Photo Credits: Paul Andrews
Kansas Republicans introduced the new bill HB 2320 to prevent the state from recognizing same-sex marriages, which are referred to in the bill as “parody” marriages. Another bill, HB 2321, would create “elevated marriage” for straight couples while making it harder for them to get divorced.
Christel Highland — the daughter of one of the Republicans, Rep. Ron Highland — recently posted to her Facebook page a copy of the letter she wrote to her father, which expressed her disgust with his support for the dehumanizing bill.
Part of her letter reads: “…Why would you openly attempt [a] policy that elevates hate and hurts my family and friends? Why would a person of integrity want to legislate and force their beliefs on another? That, to me, is the core question…Your most sacred job as an elected official is to serve and protect people. Your God did not elect you, living breathing human beings did. Further isolating the marginalized among the population you serve is far from your duty. Hate has no place in public policy…”
After reading her note, Highland said in a written statement to The Wamego Times newspaper: “The bill that I should not have signed on to cosponsor contained some hateful language which I do not condone, and it is against our Lord’s command to love our neighbors. I have asked for my name to be removed from the bill. The process for doing so is in motion.”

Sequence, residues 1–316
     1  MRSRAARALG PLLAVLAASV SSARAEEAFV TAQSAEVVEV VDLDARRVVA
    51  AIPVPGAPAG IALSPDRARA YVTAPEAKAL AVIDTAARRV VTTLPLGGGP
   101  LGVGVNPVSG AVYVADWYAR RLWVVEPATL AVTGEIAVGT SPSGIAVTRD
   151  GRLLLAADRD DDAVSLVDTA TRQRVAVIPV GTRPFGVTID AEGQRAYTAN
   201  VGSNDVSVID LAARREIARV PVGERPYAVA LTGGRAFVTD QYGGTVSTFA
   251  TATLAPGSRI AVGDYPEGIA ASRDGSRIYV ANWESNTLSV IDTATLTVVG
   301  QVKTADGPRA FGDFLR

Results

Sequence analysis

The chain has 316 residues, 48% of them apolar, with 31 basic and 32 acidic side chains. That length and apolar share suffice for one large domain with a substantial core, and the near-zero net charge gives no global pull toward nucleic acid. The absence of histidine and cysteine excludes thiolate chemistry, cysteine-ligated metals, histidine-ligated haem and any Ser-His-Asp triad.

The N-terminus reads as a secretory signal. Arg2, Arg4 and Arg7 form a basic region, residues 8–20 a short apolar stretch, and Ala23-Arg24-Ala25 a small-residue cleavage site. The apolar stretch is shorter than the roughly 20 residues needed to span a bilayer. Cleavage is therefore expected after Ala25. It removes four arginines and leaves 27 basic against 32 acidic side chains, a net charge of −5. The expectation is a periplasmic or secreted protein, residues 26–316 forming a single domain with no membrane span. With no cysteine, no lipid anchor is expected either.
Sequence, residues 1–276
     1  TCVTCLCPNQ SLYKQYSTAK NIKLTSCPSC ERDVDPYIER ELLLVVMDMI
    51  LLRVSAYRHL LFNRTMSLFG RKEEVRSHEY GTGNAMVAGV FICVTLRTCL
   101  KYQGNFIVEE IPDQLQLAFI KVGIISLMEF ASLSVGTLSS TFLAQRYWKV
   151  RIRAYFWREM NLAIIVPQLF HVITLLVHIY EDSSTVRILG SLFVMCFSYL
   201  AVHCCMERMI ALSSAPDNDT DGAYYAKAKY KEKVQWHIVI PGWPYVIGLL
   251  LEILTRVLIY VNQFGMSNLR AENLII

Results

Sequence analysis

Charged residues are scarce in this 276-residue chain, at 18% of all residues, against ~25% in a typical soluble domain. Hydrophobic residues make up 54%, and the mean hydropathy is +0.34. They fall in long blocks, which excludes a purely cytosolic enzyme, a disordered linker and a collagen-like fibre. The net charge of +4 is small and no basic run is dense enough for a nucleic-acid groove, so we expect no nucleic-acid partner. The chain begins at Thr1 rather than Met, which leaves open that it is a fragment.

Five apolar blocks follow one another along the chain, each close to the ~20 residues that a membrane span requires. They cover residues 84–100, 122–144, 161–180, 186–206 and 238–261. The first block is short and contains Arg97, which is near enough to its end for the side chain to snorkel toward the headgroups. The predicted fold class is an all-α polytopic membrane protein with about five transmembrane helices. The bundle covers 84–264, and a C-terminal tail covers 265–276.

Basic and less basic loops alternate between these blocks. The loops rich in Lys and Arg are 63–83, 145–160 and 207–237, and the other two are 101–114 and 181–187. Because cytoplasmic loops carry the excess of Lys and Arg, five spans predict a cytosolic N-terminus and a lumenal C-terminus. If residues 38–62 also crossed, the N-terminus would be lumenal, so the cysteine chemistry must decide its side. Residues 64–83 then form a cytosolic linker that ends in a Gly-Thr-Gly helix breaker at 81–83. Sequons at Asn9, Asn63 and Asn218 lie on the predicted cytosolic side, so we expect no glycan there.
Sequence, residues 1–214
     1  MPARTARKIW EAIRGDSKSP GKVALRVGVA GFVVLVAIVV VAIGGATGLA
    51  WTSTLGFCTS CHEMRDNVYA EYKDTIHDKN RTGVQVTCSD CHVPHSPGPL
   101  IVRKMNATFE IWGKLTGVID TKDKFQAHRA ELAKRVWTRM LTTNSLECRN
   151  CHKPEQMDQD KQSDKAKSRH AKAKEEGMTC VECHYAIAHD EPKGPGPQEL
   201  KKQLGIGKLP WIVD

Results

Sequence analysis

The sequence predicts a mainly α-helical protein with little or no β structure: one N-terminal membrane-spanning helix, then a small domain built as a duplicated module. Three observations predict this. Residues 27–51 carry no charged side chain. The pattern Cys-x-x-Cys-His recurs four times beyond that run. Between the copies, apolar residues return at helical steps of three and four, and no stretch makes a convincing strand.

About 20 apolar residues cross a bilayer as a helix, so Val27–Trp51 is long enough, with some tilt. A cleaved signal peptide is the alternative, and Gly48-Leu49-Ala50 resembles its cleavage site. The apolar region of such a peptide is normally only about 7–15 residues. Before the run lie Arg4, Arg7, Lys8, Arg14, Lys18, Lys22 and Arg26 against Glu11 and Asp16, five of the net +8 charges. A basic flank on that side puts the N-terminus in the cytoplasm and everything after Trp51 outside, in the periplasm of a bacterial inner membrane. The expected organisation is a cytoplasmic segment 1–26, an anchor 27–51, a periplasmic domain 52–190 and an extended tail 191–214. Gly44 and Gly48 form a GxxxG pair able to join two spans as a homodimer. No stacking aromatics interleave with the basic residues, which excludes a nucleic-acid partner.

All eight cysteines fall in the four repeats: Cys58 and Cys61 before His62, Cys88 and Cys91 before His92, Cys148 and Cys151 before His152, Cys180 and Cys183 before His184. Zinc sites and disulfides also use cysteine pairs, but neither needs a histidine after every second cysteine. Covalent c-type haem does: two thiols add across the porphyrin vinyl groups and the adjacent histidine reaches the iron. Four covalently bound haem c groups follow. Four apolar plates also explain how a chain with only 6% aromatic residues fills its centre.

Highland, a Wamego Republican, said: “I trusted the author of the bill, who is my office mate, and signed on to several of his bills. Knowing that some of them were really important, I trusted that they all were, and that was not the case. I must admit it was a mistake, and apologize.”
The Wichita Eagle reports that the public disapproval of same-sex marriage from some Republican lawmakers comes just months after voters elected the state’s first openly gay lawmakers and less than two weeks after the introduction of a bill that would prohibit discrimination against LGBT individuals statewide.
The anti-gay marriage bills stand virtually no chance of becoming law. Democratic Gov. Laura Kelly’s first official act in office was to restore non-discrimination protections for LGBT state workers, and she would almost certainly veto such a bill.
And although the Kansas Constitution prohibits same-sex marriage, the U.S. Supreme Court has ruled that gay couples have the right to marry. An immediate court challenge would be expected if the bill ever did become law.